If you are looking at starting a new business or franchise, buying an existing business or franchise or even considering business recapitalization – and need funding to do so – you need to know the difference between a 401(k) Rollover and a Distribution.
There are two primary types of businesses operating today:
- Service-based businesses – such as Mr. Electric, Pillar To Post, etc. These businesses operate by providing a service to a residential or commercial customer by traveling to the customer to provide the service. Typically, service-based businesses have lower initial costs to get into the business and they are very scalable.
- Asset-based businesses – most brick and mortar stores would fall under this category, including franchises like FASTSigns and Wayback Burgers. These businesses have not only the real estate their business is sitting on, but also assets like furniture, fixtures and equipment. Asset-based businesses are typically higher cost investments initially.
Now that we’ve identified and explained these two business types, let’s look at costs on 401(k) Rollover vs. Distribution.
- 401(k) Rollover Plan – initial cost of $5,000 to set up the Plan, plus $120 monthly ongoing for administration of the Plan.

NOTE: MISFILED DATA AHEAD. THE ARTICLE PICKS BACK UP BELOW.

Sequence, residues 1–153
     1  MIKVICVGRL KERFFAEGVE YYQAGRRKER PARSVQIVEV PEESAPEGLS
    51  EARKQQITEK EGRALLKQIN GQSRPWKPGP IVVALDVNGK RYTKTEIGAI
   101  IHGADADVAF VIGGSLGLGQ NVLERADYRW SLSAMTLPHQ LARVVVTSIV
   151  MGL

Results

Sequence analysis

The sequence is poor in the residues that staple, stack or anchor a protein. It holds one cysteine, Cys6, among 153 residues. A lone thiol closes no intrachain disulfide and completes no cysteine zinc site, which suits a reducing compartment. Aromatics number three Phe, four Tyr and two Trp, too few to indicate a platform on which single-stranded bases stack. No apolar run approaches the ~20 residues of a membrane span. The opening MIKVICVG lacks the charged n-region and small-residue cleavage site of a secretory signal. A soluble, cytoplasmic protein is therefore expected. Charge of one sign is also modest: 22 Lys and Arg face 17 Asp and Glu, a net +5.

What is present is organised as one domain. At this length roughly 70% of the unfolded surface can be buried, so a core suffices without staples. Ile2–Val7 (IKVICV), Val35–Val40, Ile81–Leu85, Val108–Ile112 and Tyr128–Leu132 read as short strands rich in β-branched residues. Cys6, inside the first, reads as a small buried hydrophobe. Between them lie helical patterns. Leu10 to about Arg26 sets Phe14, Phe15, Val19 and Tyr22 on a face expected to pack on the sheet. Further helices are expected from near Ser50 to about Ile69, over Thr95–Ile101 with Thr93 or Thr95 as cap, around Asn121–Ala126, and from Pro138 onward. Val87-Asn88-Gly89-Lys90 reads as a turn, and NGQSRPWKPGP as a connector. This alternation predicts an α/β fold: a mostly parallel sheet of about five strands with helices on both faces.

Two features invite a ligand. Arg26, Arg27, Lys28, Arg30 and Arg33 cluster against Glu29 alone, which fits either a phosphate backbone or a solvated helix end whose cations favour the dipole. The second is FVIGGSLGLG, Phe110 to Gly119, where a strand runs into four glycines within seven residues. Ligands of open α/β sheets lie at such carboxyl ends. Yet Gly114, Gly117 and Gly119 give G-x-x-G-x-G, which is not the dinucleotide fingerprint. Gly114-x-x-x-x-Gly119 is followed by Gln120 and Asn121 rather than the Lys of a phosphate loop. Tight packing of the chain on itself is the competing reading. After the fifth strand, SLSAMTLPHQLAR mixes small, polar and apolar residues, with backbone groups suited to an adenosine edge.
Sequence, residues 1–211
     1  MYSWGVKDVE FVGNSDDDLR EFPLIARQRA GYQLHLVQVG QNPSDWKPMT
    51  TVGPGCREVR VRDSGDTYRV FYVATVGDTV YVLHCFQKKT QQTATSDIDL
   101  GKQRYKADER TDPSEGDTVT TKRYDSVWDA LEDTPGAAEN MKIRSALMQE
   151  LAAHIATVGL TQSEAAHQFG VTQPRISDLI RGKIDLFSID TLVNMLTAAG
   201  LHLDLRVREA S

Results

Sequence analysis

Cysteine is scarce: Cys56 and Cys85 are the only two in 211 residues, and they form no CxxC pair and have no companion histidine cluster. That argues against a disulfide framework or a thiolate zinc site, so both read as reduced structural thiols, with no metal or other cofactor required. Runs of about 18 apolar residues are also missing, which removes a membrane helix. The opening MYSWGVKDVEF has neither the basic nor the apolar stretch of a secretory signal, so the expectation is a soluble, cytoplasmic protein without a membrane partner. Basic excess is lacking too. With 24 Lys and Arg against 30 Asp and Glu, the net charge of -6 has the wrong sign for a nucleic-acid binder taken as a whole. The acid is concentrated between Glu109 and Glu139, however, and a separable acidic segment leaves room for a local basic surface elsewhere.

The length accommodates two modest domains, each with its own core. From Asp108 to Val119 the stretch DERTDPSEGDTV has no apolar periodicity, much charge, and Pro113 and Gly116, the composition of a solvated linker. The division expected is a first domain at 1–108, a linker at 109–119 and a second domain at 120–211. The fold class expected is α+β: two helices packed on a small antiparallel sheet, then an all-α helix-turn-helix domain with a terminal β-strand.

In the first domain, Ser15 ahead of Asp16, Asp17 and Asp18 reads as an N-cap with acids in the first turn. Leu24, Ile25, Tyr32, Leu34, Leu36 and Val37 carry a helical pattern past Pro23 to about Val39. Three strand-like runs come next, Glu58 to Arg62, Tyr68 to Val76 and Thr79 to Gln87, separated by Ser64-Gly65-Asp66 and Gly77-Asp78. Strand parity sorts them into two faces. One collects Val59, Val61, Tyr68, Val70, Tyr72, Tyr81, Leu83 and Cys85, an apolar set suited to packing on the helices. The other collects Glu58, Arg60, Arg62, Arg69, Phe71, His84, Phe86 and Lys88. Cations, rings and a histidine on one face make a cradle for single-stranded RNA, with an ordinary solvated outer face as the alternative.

- Distribution – subject to both a penalty for early withdrawal (10% +/-) and tax (20% +/-) in the form of income tax on the amount withdrawn, due and payable the following year on April 15. *Note that age and personal income tax bracket play a role in this estimate as well and the numbers can/do change.
If you do the math, it’s easy to see how a 401(k) Rollover is very common for service-based businesses as a stand-alone funding alternative. A 401(k) Rollover has a set upfront cost and known monthly cost, is not taxable and does not incur a penalty from the IRS, and zero collateral is needed to secure the Rollover.
Consider this example: John Smith needs $75,000 to start his new service-based business. John has $20,000 liquid cash in savings he plans to withdraw and $60,000 in his IRA. If John choses a 401(k) Rollover for the remaining $55,000 he needs, his fees will be $6,440 for the initial set up and one-year of Plan administration. That’s it. No hidden fees or surprises come April 15. No repayment schedule of the $55,000 from the 401(k) Rollover is required. Should the business close, John isn’t maintaining debt and making payments on a business that is no longer operating.
What if John chooses a Distribution for the $55,000 additional funds he needs to start his business instead of a 401(k) Rollover? John would owe a 10 percent penalty on the $55,000 Distribution ($5,500) and approximately another 20 percent in taxable income ($11,000) at tax time the following year. That’s $16,500 in total, a difference of almost $10,000 in year one as compared to a 401(k) Rollover.
Want to learn more about 401(k) funding, SBA Loans and other business funding options? Contact Tenet Financial Group today at 1-888-901-3335 and we’ll be glad to answer your questions.